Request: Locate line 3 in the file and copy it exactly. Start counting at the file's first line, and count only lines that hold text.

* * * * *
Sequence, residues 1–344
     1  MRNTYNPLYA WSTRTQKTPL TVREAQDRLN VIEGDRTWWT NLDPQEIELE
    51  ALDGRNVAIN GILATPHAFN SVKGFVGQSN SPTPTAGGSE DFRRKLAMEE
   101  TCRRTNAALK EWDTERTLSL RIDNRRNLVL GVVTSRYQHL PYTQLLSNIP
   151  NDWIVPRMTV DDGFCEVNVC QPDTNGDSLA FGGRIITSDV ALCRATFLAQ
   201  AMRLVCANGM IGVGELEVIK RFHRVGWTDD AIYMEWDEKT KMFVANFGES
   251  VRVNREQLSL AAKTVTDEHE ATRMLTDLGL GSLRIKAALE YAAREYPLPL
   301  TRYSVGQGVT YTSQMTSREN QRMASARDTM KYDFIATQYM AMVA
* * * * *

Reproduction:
    51  ALDGRNVAIN GILATPHAFN SVKGFVGQSN SPTPTAGGSE DFRRKLAMEE